Cardiff talk on the absence of memory

by Merilyn Moos

What is distinctive about the children of refugees from Nazism is the absence of memory. Although the Holocaust is now part of the understanding of the consequences of Nazism, the images and meanings are general. But the British second generation were told almost nothing about what had happened to their own grandparents and wider family. Even when their parents did tell the children about the murder of the grandparents, they did so only in the broadest strokes. The 2G children knew not to ask, knew not to try to break their parents’ silence. And yet they were deeply burdened by the absence of a past and what they sensed about the deaths of their grandparents.

A brief methodological note: My concern was with the children whose parents had arrived as refugees in the UK up to the beginning of the 2nd W war, not during or after. These are the ‘typical’ refugees into the UK: the figures are contested but 50-80,000 refugees arrived in the UK before the outbreak of war, about 5000 afterwards, of whom there were only about 2000 Holocaust survivors. The 2G generally were born around the 1940s rather than much later. Altogether I interviewed 12 2G people in depth, talked to many others, sometimes at length, and am myself a member of the 2G. I used what are referred to as opportunist and also snowball sampling, making use of a variety of networks. I also wanted to draw on people whose parents had fled from a variety of countries: Germany, Austria, Czechoslovakia and Hungary. Because of the relatively unstructured nature of the interviews, I refer to the interviewees as participants. . I am not laying claim to the sample or the testimonials being representative or unrepresentative, but I do see them as offering useful insights.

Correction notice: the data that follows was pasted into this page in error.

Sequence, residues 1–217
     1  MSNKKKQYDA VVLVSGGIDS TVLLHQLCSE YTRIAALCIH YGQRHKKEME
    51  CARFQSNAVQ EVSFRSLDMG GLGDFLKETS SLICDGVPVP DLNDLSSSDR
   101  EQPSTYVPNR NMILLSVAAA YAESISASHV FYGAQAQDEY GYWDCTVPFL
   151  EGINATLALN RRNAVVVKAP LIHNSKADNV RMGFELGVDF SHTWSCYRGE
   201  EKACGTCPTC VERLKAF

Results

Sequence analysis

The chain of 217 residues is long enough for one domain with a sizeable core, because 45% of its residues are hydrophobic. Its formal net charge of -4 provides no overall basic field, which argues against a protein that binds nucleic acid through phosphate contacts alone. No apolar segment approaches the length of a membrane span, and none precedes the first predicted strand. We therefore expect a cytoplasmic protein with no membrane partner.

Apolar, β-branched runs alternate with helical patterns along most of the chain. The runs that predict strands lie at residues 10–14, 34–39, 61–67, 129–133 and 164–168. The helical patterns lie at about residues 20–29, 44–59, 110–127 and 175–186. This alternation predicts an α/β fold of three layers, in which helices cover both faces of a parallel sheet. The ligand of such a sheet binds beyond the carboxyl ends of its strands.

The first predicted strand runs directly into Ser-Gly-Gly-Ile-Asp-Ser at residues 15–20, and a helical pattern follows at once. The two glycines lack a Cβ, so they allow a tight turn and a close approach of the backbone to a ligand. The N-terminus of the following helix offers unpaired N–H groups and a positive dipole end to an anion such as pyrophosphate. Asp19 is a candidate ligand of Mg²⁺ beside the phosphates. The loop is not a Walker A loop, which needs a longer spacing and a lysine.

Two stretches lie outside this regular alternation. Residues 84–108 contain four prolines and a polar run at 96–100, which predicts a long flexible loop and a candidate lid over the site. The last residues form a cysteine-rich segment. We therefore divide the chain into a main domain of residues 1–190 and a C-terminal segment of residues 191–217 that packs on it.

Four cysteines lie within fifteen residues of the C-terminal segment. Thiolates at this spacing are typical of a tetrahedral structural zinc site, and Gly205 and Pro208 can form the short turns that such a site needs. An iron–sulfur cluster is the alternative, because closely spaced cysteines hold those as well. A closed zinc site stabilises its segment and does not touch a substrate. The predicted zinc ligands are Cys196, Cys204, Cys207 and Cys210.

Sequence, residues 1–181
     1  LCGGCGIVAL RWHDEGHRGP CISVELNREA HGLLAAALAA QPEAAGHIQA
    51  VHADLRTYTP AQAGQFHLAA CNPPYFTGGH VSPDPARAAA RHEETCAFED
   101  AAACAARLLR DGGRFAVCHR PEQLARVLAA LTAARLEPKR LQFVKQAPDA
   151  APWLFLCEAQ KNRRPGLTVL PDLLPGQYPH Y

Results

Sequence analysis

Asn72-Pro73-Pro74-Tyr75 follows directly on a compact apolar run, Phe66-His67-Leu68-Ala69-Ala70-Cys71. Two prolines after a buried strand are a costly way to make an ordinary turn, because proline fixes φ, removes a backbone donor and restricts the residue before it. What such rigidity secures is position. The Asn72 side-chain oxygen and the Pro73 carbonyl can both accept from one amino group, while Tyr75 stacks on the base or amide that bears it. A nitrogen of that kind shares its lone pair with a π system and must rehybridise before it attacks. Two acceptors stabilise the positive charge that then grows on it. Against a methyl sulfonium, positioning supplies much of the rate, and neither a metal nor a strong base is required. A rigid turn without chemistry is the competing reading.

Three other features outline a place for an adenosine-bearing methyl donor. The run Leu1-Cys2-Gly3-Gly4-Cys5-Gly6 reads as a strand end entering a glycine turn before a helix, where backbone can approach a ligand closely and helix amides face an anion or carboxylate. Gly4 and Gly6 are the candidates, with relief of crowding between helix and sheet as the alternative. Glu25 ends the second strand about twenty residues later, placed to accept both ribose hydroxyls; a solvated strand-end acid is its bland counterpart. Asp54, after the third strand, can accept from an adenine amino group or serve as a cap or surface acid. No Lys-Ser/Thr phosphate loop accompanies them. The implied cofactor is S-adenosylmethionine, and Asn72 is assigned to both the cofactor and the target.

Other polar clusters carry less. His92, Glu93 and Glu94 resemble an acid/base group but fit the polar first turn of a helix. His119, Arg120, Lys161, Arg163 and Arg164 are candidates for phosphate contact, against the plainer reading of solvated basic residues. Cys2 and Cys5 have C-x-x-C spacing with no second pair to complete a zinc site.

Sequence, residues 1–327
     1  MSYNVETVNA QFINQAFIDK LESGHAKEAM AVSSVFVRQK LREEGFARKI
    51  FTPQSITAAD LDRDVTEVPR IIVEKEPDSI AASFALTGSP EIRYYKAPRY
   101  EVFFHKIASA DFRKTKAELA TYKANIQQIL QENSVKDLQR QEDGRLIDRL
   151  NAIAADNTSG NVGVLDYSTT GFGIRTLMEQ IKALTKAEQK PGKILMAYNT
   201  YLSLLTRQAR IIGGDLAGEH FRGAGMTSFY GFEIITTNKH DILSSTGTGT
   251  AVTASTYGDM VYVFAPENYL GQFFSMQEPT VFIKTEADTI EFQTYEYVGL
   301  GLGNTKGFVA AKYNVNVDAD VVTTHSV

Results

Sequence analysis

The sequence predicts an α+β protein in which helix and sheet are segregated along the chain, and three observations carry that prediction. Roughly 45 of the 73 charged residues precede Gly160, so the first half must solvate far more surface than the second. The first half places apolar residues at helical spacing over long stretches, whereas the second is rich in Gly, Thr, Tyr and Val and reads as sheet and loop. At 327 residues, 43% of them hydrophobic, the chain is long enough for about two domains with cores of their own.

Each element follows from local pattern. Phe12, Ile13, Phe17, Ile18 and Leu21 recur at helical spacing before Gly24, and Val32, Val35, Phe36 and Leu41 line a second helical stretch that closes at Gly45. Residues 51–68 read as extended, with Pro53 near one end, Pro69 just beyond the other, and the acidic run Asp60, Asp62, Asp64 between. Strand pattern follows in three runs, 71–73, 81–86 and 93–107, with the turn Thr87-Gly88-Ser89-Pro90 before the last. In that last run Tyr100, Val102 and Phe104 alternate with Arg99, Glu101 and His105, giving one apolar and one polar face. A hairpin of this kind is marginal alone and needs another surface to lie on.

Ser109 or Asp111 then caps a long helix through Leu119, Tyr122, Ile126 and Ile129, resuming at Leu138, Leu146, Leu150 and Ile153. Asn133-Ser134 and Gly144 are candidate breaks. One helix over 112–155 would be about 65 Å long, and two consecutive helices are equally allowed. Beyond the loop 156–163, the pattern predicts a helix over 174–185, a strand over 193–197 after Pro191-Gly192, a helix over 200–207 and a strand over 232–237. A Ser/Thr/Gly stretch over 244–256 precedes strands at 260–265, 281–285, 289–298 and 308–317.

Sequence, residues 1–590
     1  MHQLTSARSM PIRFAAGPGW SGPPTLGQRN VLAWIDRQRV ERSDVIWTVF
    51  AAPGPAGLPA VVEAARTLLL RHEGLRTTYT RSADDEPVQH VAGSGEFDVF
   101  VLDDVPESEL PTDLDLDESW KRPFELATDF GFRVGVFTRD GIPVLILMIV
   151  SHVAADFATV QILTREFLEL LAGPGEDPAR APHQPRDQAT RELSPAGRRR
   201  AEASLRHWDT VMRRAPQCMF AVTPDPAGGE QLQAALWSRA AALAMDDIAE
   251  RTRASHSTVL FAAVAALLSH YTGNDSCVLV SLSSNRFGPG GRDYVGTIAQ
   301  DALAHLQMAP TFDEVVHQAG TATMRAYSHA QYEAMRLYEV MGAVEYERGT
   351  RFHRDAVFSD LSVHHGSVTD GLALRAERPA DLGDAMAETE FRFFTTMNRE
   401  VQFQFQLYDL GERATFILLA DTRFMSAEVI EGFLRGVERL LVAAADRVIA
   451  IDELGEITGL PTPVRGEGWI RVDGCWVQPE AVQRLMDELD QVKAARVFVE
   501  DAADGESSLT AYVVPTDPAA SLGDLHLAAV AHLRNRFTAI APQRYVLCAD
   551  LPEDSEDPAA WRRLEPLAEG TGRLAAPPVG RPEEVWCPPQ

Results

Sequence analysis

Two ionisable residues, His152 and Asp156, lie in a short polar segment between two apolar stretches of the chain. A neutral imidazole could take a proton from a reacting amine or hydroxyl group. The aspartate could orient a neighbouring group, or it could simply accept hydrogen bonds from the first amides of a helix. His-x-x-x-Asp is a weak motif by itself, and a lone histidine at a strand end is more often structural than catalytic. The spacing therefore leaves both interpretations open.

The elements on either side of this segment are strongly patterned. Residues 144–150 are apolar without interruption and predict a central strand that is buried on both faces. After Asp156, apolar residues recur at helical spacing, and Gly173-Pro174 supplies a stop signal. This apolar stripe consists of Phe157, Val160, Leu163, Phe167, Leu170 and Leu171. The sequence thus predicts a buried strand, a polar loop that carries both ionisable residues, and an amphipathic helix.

I now want to refer to some of the participants’ comments about the silences about the past they grew up in. Peter said of his father’s Hungarian parents: “The fact that they died in their 40s looms as the one large fact about their lives. Everything else I know is only tiny, and is utterly shadowed by that… I don’t think I could tell you one story about either of them.” He said he thought everything his father had told him until shortly before his father’s death could have been slotted into five minutes.

The participants as children knew their parents were hiding terrible secrets. Mike said that he knew something frightful had happened as if by osmosis. Again and again, the participants said they learnt quickly as children not to ask questions because of the pain it evidently gave their parents. What appears to have aggravated this rupture was that the child’s first language was English, which for the parents was a foreign language with an often opaque meaning. The second generation participants were denied their own history.